The Optional European Contract Law and Why Success or Failure May Depend on Scope Rather than Substance
Revue des Contrats, Vol. 2011, No. 4, pp. 1313-1342, October 2011
27 Pages Posted: 1 Jul 2011 Last revised: 2 Sep 2012
Date Written: June 25, 2011
In October 2011, the European Commission will present a draft regulation for an optional European contract law. When parties opt to apply it (opt-in), it will set aside all national rules, including mandatory rules of the Member States. The level of consumer protection of the optional instrument will be very high. A choice will only be possible for the entire instrument, preventing parties from cherry picking. The result should allow businesses to overcome the current legal fragmentation in Europe, providing them with the possibility to contract with one single set of rules throughout Europe. In other words, the objective is to eliminate one of the obstacles the internal market currently faces.
This Paper will show that the choice for the optional instrument, unlike what is sometimes discussed, will be exercised by businesses, not consumers. It will be argued that a broad scope is essential to secure the possibility of cost savings and efficiency gains. A limited scope will make the choice of the optional contract law entirely unattractive for businesses, not least, because of the high level of consumer protection. No reason is apparent why the scope, and therefore the choice of the parties to apply the new regime, should be limited to cross-border, e-commerce, or B2C contracts. Finally, this paper will analyze the issues of costs relating to the implementation and cost savings. Possibly, the potential for cost reductions may be limited in e-commerce but substantial for businesses operating through retail outlets in many European Member States. This underlines the necessity to allow the use of the optional instrument in domestic transactions as well as for cross-border contracts.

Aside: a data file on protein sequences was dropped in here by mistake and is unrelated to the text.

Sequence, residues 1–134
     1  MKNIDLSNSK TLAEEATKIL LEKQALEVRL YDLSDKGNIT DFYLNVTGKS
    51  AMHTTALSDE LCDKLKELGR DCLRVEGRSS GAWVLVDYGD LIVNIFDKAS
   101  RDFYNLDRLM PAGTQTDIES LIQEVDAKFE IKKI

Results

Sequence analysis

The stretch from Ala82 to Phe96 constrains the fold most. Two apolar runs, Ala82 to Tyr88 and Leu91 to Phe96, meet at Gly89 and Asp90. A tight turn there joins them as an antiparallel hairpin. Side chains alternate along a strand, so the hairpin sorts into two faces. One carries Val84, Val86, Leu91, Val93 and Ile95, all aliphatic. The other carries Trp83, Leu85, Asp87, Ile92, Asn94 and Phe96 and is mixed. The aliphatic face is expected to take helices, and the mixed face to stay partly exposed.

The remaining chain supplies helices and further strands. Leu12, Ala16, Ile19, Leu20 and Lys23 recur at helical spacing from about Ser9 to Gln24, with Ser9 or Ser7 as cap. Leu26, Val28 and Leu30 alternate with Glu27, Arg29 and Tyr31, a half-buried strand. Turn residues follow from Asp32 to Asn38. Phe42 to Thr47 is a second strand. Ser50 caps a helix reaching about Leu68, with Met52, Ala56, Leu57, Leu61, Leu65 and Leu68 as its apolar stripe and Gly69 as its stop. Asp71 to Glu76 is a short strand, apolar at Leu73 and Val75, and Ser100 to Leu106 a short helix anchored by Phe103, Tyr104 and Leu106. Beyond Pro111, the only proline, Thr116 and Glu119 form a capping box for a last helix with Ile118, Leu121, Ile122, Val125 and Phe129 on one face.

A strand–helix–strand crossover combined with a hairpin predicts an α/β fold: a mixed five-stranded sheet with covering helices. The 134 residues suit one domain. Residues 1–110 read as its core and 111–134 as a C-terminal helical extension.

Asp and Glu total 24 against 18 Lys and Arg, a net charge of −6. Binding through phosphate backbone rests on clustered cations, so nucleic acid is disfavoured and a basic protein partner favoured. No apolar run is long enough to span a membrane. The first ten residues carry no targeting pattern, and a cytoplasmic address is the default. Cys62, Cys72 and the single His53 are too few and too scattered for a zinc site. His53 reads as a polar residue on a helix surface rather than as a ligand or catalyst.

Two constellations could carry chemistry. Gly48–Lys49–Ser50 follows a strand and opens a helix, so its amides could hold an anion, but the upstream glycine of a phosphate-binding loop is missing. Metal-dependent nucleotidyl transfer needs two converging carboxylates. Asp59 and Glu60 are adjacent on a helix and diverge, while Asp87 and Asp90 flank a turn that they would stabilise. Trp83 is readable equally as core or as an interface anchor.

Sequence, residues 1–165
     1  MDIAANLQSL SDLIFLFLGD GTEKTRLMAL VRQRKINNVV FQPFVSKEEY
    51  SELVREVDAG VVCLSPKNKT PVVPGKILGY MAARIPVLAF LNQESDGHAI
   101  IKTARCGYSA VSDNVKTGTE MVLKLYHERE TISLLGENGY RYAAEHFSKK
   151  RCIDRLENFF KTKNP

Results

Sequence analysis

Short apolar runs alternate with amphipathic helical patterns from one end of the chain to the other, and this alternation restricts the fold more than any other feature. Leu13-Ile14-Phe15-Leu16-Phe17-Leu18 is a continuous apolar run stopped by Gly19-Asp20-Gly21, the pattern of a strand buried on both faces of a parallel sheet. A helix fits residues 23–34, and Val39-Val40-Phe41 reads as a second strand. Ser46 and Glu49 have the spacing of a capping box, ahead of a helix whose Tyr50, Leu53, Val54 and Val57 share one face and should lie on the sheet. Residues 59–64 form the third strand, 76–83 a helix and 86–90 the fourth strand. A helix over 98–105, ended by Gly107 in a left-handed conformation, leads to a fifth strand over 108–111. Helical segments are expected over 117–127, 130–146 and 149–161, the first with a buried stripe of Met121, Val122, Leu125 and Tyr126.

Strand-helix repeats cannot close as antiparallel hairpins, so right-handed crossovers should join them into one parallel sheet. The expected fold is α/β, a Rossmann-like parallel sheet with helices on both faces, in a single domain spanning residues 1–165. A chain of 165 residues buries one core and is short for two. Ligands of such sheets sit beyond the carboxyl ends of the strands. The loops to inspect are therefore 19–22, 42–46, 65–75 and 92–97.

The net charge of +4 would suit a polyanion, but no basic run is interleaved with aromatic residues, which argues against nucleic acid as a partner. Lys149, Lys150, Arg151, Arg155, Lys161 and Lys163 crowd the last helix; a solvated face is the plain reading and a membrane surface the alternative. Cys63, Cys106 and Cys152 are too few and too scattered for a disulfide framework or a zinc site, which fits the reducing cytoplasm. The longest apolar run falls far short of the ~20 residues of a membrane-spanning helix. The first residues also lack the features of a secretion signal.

Please note that this is an article written in English; a French translation ("De quelques conditions de succès d'un instrument optionnel en droit européen des contrats") was published in Revue des Contrats, Vol. 2011, No. 4, pp. 1313-1342, October 2011.
Keywords: harmonisation, unification, European law, optional contract law, contract law, European contract law, optional regime, optional instrument, regulatory competition, choice of Law, internal market, fragmentation, common frame of reference, DCFR, policy options, blue button, choice of law, DCFR, PECL
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